What to wear: For Black Tie
Fieldy’s top five:
- Consider a very midnight blue cloth for the suit. It will appear darker than black.
- Wear a real bow tie and avoid the ready tied versions.
- Only wear a cummerbund with a single breasted jacket.
- Always wear a double cuff shirt.
- Make sure the cufflinks correspond coherently with your studs if wearing them.
Black tie is dress code for formal evening events, although in recent years elements from its core ingredients have been snatched by the high street for various evening looks. It’s not unusual to see a play on a single breasted black barathea with thin satin lapel combined with jeans. Cool? Hmmm??
Here’s a thought. Black Tie should be black, right? A blue dinner jacket just doesn’t cut the mustard. Right? So here’s the thing:
TIP: To the naked eye a dinner jacket needs to appear black. But you will often find that a dark midnight blue will have more depth of colour than black. This makes the suit look even darker than black. Strange to think, I know, but black often has essences of grey making it seem less black! This, teamed with black facing looks fantastic. The tricks our eyes play. Extraordinary!
WHERE DID BLACK TIE COME FROM?
Savile Row of course. The story goes that at around 1860, the then Prince of Wales had a short smoking jacket created for less formal functions as an alternative to White Tie.
In the spring of 1886, the Prince invited James Potter, a rich New Yorker, and his wife, Cora Potter, to Sandringham House, his Norfolk hunting estate. When Potter asked the Prince’s dinner dress recommendation, he sent Potter back to his tailor on Savile Row. On returning to New York in 1886, Potter’s dinner suit proved popular at the Tuxedo Park Club. It was copied by many at the club and it soon became their club informal dining uniform.
The evening dress for men now popularly known as a tuxedo takes its name from Tuxedo Park, where it was said to have been worn for the first time in the United States, by Griswald Lorillard at the annual Autumn Ball of the Tuxedo Club founded by Pierre Lorillard IV.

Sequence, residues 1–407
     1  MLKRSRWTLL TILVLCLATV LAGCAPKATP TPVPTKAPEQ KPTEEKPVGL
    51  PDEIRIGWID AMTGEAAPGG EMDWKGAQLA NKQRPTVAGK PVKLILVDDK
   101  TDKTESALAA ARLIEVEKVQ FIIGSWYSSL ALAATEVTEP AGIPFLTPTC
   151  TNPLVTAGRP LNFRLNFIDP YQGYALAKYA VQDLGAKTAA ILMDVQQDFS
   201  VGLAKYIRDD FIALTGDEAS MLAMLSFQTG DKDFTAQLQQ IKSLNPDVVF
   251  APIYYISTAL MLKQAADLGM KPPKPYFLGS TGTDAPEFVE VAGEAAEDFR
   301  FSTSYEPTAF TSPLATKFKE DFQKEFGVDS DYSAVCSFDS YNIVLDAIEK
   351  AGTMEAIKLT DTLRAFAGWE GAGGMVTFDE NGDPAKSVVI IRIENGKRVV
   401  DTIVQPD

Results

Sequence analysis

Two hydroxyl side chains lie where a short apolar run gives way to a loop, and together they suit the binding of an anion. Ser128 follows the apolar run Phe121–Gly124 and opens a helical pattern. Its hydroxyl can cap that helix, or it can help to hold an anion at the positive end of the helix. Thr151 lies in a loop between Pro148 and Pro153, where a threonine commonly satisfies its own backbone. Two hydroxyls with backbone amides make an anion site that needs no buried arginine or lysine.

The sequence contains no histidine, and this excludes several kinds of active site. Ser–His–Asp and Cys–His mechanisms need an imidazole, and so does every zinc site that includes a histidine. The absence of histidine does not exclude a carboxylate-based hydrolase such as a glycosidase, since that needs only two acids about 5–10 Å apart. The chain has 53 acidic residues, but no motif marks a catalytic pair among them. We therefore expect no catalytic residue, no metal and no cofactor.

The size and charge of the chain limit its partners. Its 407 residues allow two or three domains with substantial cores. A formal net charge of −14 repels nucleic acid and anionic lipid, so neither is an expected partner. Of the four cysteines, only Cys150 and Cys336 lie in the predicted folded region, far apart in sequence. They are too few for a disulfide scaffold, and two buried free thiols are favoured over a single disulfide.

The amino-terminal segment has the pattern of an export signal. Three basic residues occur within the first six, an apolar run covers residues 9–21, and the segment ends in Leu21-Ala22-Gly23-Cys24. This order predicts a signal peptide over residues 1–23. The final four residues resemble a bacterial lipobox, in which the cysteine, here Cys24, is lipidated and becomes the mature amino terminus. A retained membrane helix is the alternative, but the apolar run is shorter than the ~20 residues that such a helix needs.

Legend dictates that it became known as the tuxedo when a fellow asked another at the Autumn Ball, “Why does that man’s jacket not have coattails on it?” The other answered, “He is from Tuxedo Park.” The first gentleman misinterpreted and told all of his friends that he saw a man wearing a jacket without coattails called a tuxedo, not from Tuxedo.
About two years later, it gained the name dinner jacket (DJ) in Britain. The name to which it should be referred.
WHAT DOES IT CONSIST OF TODAY?
- Single-breasted or double-breasted
- Lapels can be peaked lapel, shawl collar, notched collar. Peaked looks the smartest and I’d give the notched a thumbs down for this particular scenario.
- The facing which will make up the lapel can be satin or grosgrain.
- The buttons should and will always be covered.
- This jacket should come with no side vents.
- These will match the jacket cloth and will come with a single silk braid to match the lapel. N.B double braid is reserved for White Tie.
- Can be worn but, as with a suit, should not be combined with a double breasted jacket. Cloth overload!
- Should be white, and have either a Marcella or Pleated bib front. The collar can be either winged or turn down. If you are wearing White Tie then wing is a must.
- Stud or fly front are acceptable. There is something quite smart about going for a studded front.
- Double cuff is a must for this attire.
The bow tie
- Don’t wear a ready tied bow tie. It just doesn’t look the same as knotting your own. Would you wear a tie that is already knotted? It might take a little effort on your part to learn how to do it, but it will look the business.
- Cufflinks that correspond coherently with your studs is important. This is not the uniform to experiment with.
- Cummerbund – if you are wearing a single breasted jacket.
- Finish the look with an elegant splash of white pocket square sitting in the breast pocket.
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